|Date Published||10 January 2019|
The New Iberia Blues
When the crucified body of a young woman is found floating on a cross near the estate of a local boy made good as a freelance Hollywood director, Cajun detective Dave Robicheaux and his new partner Bailey Ribbons, investigate.
As the Louisiana rural landscape, which plays such a haunting and lyrical part in the stories is changed by Gulf tides, lack of preservation and thoughtless, profit-grabbing development and its French/Cajun Deep South culture is overwhelmed by the modern world, is there a place left for stories which incorporate American history, social justice, moral ambiguity, personal loyalty and a raging white, middle-class guilt-trip?
Robicheaux and his former partner and friend Clete Purcell are flawed, but well-intentioned throwbacks to what some Americans see as the golden days of the 1950s. If this is Robicheaux’s ‘do not go gently into that good night’ moment, Burke never allows the weight of his heroes’ histories to even threaten to overwhelm the storyline.
Robicheaux and his ‘guardian angel’, the drunken, violent, simplistic John Wayne character that is the former Marine Purcell, are beginning to feel weighed down by advancing age. They battle on, clinging to the knowledge that although ‘we would never change the world ... the world would never change us’, despite threats from dark forces within and outside on the lives of Robicheaux, his loved ones, and the people of New Iberia.
Burke is the undisputed master of Southern noir and the story opens with the first of a series of ritualistic murders – a woman crucified and floating on a cross near the estate of a local boy made good, freelance Hollywood director Desmond Cormier. As Robicheaux and his new partner, the beautiful Bailey Ribbons, investigate, he becomes convinced that either the enigmatic Cormier or one of his entourage is deeply involved in the killings.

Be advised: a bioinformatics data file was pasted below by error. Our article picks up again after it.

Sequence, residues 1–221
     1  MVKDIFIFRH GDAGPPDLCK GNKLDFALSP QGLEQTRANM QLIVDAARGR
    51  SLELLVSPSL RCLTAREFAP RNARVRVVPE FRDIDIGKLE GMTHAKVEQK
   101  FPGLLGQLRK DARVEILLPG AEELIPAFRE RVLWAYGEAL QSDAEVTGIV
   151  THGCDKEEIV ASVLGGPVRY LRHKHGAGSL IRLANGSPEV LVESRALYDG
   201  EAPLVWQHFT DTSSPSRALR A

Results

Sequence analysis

Robicheaux’s clumsy over-protectiveness causes strained relations with daughter, Alafair – perhaps not incidentally the name of Burke’s own daughter – now a novelist and screenwriter who is working on a film with Cormier. And when he finds himself attracted to the much-younger Bailey, his mind is filled with ‘thoughts and desires that boded well for no one’.
Haunting flashbacks to Vietnam; sheriff Helen Soileau doing her best to limit the fall-out from Robicheaux’s self-destructive impulses; organised crime and its grip on Hollywood; and the misty bayou itself, where the silent spirits of the Confederate dead mingle with Robicheaux’s own lost, all provide a suitable background to this tangled plotline.
The ritual/tarot theme of the murders is intriguing, although perhaps under-developed with its connection overwhelmed by the complicated plot threads. But in a ghostly flash-back which lends credence to the swansong theory, there is a return for one of Burke’s greatest creations, Smiley Wimple, the crazy, but curiously moral, contract killer whose childlike attitudes allied to a ruthless professionalism, instantly raises the pace and tone every time he appears.
The ending is perhaps the weakest part and the final chapter is not either Burke’s – or therefore Robicheaux’s – finest hour. That comes much earlier, when the detective is finally forced to confront the realisation that he is becoming old, and that his time as the hand of justice and decency has passed.
If this is to be the end of Robicheaux, it is a more than adequate conclusion, a nostalgic goodbye to much-loved characters who fans actually travelling to New Iberia and the bayous to see the settings of these wonderful stories for themselves.
As for Burke’s uniquely indulgent writing, as close to prose-poetry as you’re likely to find in the crime genre, which has brought him two Edgars and a CWA Gold Dagger, his innate understanding of the nature of good and evil and the mesmerising ability to paint a vivid picture of a scene or character marks a true master of his craft.
Reviewed 07 September 2019 by John Cleal